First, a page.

The Cross and the Lynching Tree (James H. Cone)

It’s been fun carrying this book around with me and reading it between classes because whenever someone casually asks, “oh, what are you reading?” I get to hold up the cover and launch into a (brief) description of how the image of the cross and the image of the lynching tree have been interpreted differently in the black and white churches of America. (This is usually met with polite acknowledgement and probably a silent vow to never ask that question again.)

Hopefully there are some people who are intrigued, though, because this is going on the list of books that have been profoundly formative in my understanding of Christian theology! It is – dare I say – prophetic. And although it did take me awhile to read, I would still say the language is pretty accessible for such an academic topic.

Title – The Cross and the Lynching Tree

Author – James H. Cone

Page count – 166

Goodreads rating – 5/5 (it was amazing!)

As mentioned above, this book examines the parallels between the crucifixion of Jesus on the cross in Rome and the brutal lynching of black people in the United States, and how that parallel imagery has been interpreted by the white and black churches in America.

The first chapter examines the concept of “suffering” and how African Americans – from slavery to segregation to the present – have used music, particularly hymns and the Blues, to find comfort in the midst of suffering.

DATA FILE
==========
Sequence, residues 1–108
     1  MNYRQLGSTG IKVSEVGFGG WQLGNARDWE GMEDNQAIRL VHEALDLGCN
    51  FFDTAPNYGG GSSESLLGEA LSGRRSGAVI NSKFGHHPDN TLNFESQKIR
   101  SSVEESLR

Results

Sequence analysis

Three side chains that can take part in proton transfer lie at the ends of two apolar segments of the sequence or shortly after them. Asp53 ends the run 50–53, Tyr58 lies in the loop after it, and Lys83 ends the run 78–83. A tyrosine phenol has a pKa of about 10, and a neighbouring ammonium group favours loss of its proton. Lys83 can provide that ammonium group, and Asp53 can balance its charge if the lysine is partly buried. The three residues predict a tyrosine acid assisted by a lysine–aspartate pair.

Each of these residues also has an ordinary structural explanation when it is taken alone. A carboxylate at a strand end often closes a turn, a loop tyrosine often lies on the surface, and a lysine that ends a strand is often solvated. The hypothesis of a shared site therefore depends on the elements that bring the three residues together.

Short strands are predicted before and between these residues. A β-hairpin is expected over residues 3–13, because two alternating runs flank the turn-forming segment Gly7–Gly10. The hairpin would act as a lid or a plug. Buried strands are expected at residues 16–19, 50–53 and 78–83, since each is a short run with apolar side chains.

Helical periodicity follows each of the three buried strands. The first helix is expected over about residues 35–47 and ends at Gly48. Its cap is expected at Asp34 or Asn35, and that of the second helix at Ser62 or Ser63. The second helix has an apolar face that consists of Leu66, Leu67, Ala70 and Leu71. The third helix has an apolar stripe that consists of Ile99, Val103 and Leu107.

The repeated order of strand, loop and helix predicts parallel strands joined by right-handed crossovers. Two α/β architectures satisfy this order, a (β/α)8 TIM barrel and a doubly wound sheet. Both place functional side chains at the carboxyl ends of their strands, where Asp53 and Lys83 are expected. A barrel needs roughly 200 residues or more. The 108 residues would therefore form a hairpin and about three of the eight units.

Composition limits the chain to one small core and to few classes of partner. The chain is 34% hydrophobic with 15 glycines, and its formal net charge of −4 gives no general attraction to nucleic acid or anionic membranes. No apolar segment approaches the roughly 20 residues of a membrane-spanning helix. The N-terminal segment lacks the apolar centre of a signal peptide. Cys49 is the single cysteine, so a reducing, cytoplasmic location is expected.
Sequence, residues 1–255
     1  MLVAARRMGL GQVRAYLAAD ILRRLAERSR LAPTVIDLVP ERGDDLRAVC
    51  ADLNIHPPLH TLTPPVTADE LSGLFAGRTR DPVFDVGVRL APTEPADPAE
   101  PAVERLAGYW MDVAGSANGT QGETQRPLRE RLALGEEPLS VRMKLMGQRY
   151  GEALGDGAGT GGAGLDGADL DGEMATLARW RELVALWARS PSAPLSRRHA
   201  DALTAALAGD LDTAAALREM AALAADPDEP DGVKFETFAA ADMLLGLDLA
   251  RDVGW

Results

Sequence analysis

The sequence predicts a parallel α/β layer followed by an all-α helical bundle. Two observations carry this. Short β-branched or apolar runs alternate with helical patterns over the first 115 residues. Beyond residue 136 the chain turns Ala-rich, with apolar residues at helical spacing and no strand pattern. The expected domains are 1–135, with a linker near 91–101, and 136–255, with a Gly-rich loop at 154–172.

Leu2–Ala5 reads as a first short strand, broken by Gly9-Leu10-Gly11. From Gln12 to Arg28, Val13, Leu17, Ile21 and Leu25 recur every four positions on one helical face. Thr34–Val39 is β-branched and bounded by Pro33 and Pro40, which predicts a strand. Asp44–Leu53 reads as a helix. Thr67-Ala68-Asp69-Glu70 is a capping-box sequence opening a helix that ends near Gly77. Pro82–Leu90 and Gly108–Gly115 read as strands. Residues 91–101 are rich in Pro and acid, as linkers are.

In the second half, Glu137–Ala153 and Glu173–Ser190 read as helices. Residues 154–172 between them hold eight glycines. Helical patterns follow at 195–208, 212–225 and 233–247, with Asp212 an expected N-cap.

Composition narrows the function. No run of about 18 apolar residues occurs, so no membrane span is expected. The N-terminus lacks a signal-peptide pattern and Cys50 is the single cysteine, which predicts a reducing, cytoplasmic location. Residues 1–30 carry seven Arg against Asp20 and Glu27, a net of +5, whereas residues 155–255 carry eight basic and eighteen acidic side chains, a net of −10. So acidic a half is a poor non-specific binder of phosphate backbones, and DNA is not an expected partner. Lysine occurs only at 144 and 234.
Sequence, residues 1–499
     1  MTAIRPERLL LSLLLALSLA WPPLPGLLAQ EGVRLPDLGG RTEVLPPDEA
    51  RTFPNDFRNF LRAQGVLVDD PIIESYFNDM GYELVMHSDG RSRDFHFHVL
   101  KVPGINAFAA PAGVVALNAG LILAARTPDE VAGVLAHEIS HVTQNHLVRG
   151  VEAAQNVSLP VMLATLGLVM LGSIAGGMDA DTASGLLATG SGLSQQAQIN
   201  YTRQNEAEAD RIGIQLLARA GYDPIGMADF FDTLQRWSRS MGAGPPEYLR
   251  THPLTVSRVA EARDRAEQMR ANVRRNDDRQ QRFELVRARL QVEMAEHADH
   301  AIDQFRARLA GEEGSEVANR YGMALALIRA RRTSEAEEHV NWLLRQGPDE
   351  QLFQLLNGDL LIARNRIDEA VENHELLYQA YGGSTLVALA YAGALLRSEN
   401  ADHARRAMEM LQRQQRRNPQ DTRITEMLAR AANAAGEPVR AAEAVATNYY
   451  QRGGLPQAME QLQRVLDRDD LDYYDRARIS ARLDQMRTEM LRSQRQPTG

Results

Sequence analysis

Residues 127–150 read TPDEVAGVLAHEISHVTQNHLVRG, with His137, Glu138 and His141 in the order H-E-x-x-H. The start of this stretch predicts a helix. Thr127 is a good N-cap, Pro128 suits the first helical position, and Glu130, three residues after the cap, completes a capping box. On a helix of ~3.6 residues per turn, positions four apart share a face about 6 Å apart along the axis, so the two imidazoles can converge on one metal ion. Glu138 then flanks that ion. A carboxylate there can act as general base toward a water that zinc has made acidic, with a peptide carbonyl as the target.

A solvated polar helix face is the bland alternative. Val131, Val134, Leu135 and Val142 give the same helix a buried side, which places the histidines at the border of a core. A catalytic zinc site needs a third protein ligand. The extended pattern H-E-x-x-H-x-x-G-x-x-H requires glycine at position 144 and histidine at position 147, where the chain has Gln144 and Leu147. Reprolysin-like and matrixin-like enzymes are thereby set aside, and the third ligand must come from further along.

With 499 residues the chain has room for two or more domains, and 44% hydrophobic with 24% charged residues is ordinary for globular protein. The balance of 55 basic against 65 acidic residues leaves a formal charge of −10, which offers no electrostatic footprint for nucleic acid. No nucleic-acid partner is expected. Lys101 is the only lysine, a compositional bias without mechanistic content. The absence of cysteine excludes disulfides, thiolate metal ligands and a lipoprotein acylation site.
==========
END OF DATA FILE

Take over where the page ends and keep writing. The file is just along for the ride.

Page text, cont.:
Chapter two focuses on the work of theologian Reinhold Niebuhr, a white man who addressed racial inequality and the imagery of the cross in ways his colleagues did not, while still not pushing the boundaries toward true racial justice or making the connection between Christ crucified on the cross and black people lynched on the tree.

Next, Cone looks at the birth of the Civil Rights Movement of the 1960s, and the work of Martin Luther King Jr. and other black activists – both religious and secular – in fighting back against the white supremacy that supported such a sustained era of terror directed at African Americans.

The fourth chapter uses the works of writers, painters, and other artists to examine how some black people did make the connection between the crucified Christ and lynched African Americans that theologians and religious leaders were unable (or unwilling) to make.

The final chapter focuses specifically on black women’s contributions to racial equality and anti-lynching movements, bringing in the theory of intersectionality and womanist theology.

I flagged and marked so many great quotes that it is impossible to include them all. This would be a perfect and necessary book to include on the reading list for any academic course on Social Justice, Racial Justice, Racial Reconciliation, etc. Here are just two short passages:

“Faith and doubt were bound together, with each a check against the other – doubt preventing faith from being too sure of itself and faith keeping doubt from going down into the pit of despair.” (p. 131)

“A symbol of death and defeat, God turned [the cross] into a sign of liberation and new life. The cross is the most empowering symbol of God’s loving solidarity with the “least of these,” the unwanted in society who suffer daily from great injustices.” (p. 156)

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